What Is the Difference Between Social Security and Medicare?

Written by True Tamplin, BSc, CEPF®

Reviewed by Subject Matter Experts

Updated on March 30, 2023

Are You Retirement Ready?

Social Security vs Medicare

Social Security and Medicare form a financial basis on which millions of retirees depend on each month.

But while they are related, the two programs are fundamentally different in nature.

Social Security Benefits

Social Security benefits are cash retirement and disability benefits that are paid each month to eligible retirees and disabled persons.

The amount of the payments depend on several factors, such as how long the recipient worked, how much they earned and when they start collecting benefits.

Disability benefits depend on the level of disability of the applicant and other medical factors.

Social Security does not offer any type of insurance benefits except for Medicare.


Medicare is a nationwide medical insurance program that covers various types of medical expenses and services.

Part A covers hospital care up to certain limits while Part B covers doctor's visits and other similar services.

Part D covers prescription drug coverage and other parts of Medicare cover other types of expenses.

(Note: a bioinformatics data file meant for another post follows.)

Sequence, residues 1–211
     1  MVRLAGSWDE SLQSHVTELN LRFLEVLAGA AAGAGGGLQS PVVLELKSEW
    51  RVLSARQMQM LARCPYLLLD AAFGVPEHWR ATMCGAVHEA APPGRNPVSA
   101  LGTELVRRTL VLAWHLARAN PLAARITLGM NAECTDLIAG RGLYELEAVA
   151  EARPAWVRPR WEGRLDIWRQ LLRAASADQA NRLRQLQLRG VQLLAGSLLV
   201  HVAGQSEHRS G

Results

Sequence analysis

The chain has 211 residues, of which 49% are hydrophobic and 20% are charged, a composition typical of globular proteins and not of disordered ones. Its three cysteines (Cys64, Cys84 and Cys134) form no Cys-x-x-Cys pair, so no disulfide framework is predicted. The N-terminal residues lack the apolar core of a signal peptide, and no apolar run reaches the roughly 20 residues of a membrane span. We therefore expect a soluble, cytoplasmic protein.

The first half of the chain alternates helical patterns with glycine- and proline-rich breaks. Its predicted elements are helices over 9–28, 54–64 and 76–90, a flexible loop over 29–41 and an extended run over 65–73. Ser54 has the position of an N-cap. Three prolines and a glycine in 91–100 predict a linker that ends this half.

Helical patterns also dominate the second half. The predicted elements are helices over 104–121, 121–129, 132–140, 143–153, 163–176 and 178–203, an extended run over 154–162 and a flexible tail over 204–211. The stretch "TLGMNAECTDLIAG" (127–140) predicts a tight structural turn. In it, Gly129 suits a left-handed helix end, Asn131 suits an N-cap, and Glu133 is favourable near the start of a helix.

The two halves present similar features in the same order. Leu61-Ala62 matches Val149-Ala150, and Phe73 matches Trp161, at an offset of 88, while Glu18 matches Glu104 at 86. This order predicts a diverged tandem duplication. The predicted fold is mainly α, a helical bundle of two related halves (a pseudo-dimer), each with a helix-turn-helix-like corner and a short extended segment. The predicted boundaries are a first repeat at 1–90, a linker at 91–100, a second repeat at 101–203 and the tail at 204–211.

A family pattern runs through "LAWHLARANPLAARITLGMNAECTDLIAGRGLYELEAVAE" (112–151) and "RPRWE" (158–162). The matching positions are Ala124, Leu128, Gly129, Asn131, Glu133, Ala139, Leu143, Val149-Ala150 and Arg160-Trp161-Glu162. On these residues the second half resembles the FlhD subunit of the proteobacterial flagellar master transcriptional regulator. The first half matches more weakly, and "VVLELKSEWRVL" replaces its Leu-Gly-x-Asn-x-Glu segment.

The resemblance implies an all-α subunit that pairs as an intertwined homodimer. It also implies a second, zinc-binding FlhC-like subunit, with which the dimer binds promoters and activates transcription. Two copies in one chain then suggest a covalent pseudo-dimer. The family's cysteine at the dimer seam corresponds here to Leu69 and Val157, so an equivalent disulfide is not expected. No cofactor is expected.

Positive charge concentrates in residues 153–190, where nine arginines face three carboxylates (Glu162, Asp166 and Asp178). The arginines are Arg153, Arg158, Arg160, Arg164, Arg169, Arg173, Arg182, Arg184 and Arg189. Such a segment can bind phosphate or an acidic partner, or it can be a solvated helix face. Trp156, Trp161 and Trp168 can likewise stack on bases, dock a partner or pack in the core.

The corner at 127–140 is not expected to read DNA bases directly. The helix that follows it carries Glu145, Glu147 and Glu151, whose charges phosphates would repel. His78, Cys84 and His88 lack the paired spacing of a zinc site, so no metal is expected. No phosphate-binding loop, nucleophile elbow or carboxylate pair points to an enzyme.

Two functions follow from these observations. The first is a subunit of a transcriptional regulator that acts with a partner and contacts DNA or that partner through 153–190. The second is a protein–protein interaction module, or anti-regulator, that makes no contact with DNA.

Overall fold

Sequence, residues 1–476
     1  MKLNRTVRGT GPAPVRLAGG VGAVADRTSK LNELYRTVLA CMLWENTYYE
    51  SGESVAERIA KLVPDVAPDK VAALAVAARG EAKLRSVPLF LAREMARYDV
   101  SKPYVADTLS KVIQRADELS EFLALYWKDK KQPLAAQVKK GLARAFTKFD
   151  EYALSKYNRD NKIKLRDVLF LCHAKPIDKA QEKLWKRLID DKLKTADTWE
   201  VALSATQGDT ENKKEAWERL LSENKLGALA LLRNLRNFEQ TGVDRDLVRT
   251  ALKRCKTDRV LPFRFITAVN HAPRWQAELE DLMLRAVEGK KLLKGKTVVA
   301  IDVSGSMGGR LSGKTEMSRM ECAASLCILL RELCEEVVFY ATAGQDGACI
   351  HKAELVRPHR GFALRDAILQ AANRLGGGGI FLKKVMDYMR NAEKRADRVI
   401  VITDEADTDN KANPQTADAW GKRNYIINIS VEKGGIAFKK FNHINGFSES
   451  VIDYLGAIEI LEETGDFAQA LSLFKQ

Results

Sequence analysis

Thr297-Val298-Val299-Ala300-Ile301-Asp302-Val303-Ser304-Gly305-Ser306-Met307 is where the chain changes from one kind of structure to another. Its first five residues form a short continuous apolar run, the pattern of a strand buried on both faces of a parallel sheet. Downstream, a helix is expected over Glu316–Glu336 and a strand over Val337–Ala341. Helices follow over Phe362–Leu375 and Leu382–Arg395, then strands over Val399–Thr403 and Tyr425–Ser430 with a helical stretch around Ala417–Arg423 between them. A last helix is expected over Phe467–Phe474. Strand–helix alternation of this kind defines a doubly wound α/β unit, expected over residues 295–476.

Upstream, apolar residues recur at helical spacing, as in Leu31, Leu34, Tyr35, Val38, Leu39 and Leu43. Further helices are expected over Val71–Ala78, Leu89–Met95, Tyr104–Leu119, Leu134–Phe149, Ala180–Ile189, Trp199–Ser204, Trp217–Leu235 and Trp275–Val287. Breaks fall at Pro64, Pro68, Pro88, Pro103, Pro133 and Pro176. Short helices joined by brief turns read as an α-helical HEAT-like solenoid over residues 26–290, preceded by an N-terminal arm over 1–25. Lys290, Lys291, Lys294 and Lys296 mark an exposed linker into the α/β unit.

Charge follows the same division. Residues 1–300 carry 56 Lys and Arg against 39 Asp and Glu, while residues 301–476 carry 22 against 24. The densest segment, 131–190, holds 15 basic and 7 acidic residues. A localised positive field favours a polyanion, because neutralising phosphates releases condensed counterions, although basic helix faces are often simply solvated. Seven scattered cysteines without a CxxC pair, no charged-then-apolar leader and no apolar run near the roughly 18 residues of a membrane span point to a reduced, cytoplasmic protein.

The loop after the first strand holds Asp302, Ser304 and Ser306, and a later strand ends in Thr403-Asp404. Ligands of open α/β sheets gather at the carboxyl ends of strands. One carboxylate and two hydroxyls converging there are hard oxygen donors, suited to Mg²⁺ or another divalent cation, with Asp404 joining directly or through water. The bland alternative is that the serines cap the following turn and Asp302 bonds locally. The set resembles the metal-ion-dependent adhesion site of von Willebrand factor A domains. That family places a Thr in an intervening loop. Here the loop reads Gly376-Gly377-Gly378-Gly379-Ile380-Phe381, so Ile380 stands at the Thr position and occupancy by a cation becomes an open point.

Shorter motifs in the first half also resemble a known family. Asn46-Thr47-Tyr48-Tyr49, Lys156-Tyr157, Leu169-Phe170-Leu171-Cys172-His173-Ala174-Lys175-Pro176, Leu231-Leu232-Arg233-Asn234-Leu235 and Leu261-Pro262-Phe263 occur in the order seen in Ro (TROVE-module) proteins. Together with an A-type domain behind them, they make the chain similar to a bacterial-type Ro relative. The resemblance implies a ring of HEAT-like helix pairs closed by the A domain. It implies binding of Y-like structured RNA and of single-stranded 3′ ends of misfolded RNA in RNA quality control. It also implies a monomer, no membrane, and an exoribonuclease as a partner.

Medicare does not pay for all expenses, so many people opt to purchase Medicare supplemental insurance to help "fill in the gaps".

But Medicare never pays out any type of cash benefit to anyone under any circumstances. Medicare Part B charges a monthly premium for most retirees.

Many of them opt to have their Medicare premiums deducted from their Social Security benefits each month instead of paying for them out of pocket.

Social Security can also be a taxable benefit, whereas all benefits that are paid out through Medicare are never taxed.

What Is the Difference Between Social Security and Medicare? FAQs

About the Author

True Tamplin, BSc, CEPF®

True Tamplin is a published author, public speaker, CEO of UpDigital, and founder of Finance Strategists.

True is a Certified Educator in Personal Finance (CEPF®), author of The Handy Financial Ratios Guide, a member of the Society for Advancing Business Editing and Writing, contributes to his financial education site, Finance Strategists, and has spoken to various financial communities such as the CFA Institute, as well as university students like his Alma mater, Biola University, where he received a bachelor of science in business and data analytics.

To learn more about True, visit his personal website, view his author profile on Amazon, or check out his speaker profile on the CFA Institute website.

Meet Retirement Planning Consultants in Your Area

Find Advisor Near You